Bulls stood pat as (mostly) expected during the trading frenzy that has occurred over the last 72 hours. This by itself isn’t necessarily a bad thing, especially as we hold out hope Lonzo Ball can find his way back on to the court sometime in the second half of the season. However, things get a little sticky when looking at the teams surrounding the Bulls in the standings.
We can mostly ignore the Bucks, Celtics, and 76ers who each made small moves to try to sure up their depth. The Cavs and Heat basically stood pat as well. All five are way out of the Bulls league anyways (we will come back to the Nets though).
The two teams directly above the Bulls in the standings are the Hawks and the Knicks.
The Hawks added Saddiq Bey (I guy I loved in the PatWil draft) without giving up any rotation players (it did cost them 5 second round picks though). I love Bey and am interested to see where he fits in given they have a pretty solid front-court and were unable to move off of the John Collins contract. So Bey either takes Deandre Hunter’s spot as the (big) small forward in the starting line-up or comes off the bench as the sixth man, alongside Bogdanovic. Worth noting Bey and Hunter are both averaging about 15/4/1 on pretty similar shooting splits and shots per game. I guess what I’m saying is, the Hawks got a little better by adding some depth with a great role player who will probably find easier shots in Atlanta with Young and Murray in the backcourt.
Looking at the Knicks, they gave up Cam Reddish (who has put up DNP-CD’s since the new year plus two others who aren’t in the rotation) for Josh Hart. Hart will probably take over as the starting 2 guard in place of Grimes to give them a better defender next to Brunson and Barrett. Again, this gives the Knicks a skilled player who can start for them and help them on D as they wait for Mitchell Robinson’s return in ~3 weeks, allowing them to call on Grimes, Quickley, Fournier, Toppin, and Sims (and 🌹) off the bench.
Below the Bulls in the standings are the Raptors, Wizards, and Pacers. Wizards gave up Rui, and while he isn’t a showstopper, he was probably their best player off the bench at 13ppg in 24mpg. That lack of depth will make it tough for them to compete with the Bulls, Pacers, and Raptors for one of those last two play-in spots.
For the Raptors, most people looked at them as sellers, with Siakam, Anunoby, and VanVleet all hearing there names in possible trade rumors. Instead, they added a center in Jakob Poeltl, returning him to where he started his career. This gives the Raptors a real center who can play 20+ minutes, which is something they’ve lacked, being limited to Precious Achiuwa at 6’8” and Chris Boucher at 6’9”. All they had to do was give up Khem Birch–and while Birch has his fans, he wasn’t able to find his way into the rotation. I don’t know if this makes the Raptors better than the Bulls, but it makes the margin of error that much slimmer, especially without a line of sight into Ball’s timetable.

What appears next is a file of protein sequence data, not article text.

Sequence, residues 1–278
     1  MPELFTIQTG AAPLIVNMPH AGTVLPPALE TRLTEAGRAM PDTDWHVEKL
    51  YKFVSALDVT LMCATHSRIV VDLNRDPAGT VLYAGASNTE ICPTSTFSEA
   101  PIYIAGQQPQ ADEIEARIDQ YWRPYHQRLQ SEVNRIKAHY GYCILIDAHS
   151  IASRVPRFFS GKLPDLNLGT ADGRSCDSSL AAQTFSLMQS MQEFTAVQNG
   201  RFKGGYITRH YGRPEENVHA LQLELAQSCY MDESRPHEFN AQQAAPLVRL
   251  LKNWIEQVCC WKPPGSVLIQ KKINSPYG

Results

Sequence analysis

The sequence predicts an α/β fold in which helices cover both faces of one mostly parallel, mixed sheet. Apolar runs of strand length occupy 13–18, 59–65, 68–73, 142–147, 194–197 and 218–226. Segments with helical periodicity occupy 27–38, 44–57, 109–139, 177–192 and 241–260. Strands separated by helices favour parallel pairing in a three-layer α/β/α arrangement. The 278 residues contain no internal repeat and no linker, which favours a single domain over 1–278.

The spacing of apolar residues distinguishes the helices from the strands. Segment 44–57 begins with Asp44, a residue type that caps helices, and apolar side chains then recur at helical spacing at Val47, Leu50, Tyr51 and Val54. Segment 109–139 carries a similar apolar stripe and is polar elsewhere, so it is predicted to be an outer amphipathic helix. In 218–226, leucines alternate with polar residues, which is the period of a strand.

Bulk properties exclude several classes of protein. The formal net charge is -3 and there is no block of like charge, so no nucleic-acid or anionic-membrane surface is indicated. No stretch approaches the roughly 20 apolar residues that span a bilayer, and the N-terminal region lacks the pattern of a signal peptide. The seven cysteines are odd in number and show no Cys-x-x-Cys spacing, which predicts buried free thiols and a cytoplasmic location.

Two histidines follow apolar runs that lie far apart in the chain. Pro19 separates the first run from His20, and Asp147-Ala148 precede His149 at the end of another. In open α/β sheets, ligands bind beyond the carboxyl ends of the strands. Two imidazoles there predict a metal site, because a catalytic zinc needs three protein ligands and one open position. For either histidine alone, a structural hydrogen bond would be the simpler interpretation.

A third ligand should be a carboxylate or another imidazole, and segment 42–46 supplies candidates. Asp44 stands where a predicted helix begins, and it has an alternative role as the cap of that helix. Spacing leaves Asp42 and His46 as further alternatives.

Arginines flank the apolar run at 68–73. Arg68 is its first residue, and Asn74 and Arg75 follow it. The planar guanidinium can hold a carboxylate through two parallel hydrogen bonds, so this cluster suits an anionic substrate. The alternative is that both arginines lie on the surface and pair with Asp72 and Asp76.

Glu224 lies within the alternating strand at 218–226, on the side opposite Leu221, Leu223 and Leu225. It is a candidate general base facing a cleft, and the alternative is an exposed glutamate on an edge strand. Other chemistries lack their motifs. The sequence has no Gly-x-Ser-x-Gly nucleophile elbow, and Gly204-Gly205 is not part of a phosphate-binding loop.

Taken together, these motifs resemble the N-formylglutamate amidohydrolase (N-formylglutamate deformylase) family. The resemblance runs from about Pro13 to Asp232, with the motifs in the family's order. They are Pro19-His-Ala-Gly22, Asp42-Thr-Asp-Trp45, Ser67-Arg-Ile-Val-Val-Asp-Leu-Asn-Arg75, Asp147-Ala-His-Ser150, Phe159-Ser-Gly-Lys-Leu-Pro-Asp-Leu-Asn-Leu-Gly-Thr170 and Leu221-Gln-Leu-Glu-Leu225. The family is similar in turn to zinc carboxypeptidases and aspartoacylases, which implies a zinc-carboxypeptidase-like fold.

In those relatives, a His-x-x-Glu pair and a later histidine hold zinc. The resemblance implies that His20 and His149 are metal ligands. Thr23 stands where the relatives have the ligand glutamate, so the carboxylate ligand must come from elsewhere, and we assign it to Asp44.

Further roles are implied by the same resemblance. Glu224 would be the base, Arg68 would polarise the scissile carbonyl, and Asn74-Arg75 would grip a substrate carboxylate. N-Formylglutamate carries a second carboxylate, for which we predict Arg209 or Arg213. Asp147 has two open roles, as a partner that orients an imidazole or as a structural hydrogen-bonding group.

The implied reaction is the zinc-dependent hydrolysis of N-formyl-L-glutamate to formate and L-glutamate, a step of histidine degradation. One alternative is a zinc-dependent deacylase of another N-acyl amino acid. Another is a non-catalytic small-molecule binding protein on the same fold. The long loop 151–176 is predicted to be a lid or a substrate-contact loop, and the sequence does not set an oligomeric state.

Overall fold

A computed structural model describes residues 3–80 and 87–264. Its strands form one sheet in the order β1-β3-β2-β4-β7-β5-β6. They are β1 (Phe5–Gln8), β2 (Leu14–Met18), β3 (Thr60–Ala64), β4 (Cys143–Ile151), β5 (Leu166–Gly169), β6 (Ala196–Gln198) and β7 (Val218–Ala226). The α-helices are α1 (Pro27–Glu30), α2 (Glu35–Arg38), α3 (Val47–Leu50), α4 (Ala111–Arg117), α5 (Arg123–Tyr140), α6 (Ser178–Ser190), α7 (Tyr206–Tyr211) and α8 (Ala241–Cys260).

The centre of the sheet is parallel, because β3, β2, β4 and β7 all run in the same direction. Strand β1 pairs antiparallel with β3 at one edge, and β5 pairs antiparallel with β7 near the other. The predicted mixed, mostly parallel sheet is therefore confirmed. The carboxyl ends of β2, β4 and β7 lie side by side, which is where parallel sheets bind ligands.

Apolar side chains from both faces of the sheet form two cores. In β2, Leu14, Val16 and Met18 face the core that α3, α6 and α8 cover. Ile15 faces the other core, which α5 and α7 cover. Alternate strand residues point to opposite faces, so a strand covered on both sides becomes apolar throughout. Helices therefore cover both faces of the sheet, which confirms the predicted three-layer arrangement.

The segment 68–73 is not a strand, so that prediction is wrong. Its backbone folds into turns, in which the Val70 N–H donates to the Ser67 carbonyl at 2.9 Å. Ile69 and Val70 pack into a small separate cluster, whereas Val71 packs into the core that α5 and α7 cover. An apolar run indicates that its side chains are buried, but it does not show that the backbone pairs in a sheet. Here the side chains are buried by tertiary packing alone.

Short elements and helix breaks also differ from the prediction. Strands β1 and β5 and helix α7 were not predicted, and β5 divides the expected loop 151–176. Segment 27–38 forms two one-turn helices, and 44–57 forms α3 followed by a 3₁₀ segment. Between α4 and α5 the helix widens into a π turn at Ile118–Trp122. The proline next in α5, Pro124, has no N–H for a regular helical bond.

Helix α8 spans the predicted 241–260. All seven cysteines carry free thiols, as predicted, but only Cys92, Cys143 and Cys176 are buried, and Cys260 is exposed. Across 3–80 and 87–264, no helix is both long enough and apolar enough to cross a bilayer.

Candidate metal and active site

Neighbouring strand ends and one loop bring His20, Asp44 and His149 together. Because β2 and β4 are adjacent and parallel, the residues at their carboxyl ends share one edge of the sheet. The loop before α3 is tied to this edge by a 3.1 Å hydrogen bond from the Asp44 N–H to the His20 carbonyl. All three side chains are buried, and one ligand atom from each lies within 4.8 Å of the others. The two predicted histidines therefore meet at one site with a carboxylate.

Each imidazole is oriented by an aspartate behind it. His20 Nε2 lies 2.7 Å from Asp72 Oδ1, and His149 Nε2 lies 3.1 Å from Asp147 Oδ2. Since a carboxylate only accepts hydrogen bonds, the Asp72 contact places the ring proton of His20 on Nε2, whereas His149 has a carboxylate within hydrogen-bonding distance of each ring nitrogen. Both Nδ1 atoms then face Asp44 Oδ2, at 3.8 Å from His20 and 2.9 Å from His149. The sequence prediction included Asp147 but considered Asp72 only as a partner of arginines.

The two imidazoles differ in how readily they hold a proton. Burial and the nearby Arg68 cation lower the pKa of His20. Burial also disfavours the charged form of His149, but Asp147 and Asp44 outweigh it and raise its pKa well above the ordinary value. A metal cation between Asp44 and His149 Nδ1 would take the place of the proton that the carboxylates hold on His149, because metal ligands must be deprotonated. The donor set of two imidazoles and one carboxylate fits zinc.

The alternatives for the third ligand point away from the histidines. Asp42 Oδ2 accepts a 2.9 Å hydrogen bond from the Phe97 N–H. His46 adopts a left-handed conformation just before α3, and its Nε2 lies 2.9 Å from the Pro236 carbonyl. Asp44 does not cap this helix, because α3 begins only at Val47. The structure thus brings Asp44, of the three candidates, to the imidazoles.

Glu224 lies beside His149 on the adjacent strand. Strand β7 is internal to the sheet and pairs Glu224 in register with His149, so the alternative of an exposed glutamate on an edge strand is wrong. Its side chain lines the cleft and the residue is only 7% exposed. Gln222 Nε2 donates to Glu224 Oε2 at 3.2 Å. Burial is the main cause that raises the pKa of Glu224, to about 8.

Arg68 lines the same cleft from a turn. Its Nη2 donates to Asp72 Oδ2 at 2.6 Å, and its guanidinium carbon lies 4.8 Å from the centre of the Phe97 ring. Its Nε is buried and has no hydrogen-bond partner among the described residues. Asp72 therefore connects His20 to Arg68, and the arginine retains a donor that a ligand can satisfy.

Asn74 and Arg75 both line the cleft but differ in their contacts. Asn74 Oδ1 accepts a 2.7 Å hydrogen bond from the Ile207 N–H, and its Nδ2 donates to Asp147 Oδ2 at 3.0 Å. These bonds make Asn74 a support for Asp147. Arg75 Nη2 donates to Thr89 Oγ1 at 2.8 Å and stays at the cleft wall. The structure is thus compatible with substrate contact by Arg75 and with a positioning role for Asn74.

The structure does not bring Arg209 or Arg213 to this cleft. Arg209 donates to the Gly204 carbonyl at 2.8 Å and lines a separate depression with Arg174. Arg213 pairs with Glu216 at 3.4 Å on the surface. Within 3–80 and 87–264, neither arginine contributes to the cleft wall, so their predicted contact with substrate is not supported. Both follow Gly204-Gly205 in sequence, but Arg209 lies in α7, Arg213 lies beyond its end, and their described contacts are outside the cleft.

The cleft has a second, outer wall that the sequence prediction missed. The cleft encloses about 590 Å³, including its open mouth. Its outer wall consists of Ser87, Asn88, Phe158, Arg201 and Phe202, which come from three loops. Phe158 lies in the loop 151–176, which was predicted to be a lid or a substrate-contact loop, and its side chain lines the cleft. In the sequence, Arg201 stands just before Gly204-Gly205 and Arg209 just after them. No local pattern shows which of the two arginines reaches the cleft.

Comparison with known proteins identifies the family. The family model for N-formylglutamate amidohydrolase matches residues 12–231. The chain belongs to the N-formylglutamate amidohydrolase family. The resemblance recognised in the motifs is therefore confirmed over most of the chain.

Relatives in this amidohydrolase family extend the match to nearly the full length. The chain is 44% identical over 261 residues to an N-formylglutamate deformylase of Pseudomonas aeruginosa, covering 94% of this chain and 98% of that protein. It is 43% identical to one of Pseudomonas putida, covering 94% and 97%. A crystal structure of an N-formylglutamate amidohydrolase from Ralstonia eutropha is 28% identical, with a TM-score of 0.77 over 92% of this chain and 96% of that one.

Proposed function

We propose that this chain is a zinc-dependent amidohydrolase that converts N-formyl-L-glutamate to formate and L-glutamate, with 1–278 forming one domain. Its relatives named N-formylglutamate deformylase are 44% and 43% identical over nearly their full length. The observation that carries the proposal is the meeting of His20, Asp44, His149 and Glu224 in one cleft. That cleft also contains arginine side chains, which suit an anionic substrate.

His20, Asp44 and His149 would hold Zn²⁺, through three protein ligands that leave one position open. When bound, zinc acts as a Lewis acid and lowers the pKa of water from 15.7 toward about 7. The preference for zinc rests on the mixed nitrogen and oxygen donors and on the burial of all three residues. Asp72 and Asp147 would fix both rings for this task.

Lastly, the Pacers added George Hill. I love this move for the Pacers. He is exactly the kind of guy you want to mentor your young guards in Haliburton, Duarte, and Mathurin. Even without playing, his leadership should help them become more consistent and consummate pros in the league and potentially help stave off some of those longer losing streaks that resulted in them falling behind the Bulls, Raptors, and Wizards in the first place. While it doesn’t move the needle that much, they’ll likely overtake the Wizards in the 11th seed and be a pest for the Bulls and Raptors who are trying to hold on to the play-in seeds.
Okay. So lets talk about the Nets. They are the obvious candidate to come crashing down as they’ve moved off their superstar duo in Irving and Durant. I don’t see it though. With 28 games left, they should still finish in the top 8 without much trouble. Miami will likely jump them, but that’s about it. This is a Nets team that will surprise people, similar to what they did under Kenny Atkinson before the Durant/Irving circus came to town. Mikal Bridges, Cam Johnson, Spencer Dinwiddie, and Dorian Finney-Smith join a core of Joe Harris, Seth Curry, Royce O’Neale, Nic Claxton (who I love), the young gunner, Cam Thomas, the vet, Patty Mills, and… whatever Ben Simmons can bring… That’s a lot of shooting and defense coming from a lot of potential rotations. While they may be lacking a bit in the creation department, Dinwiddie/Mills/Simmons should be able to figure something out with all the looks they can throw out there with those 11 guys. They are not going to just roll over and start tanking with their stars gone. Plus they brought in five first round picks, a pick swap, and two second rounders.
So in the end, where does that leave the Bulls. Probably right around where we started… The way the Bulls operate relies heavily on Lonzo Ball who is able to make up for the defensive deficiencies in the big three and can still make an impact on the offensive end as a PG who doesn’t need the ball in his hands next to DeMar and LaVine. With Ball, they have a shot to get out of the play-in and make the real playoffs. Without him, it will be a struggle all season to even hold on to their top ten spot. Even if they do, they’d likely lose the first play-in game.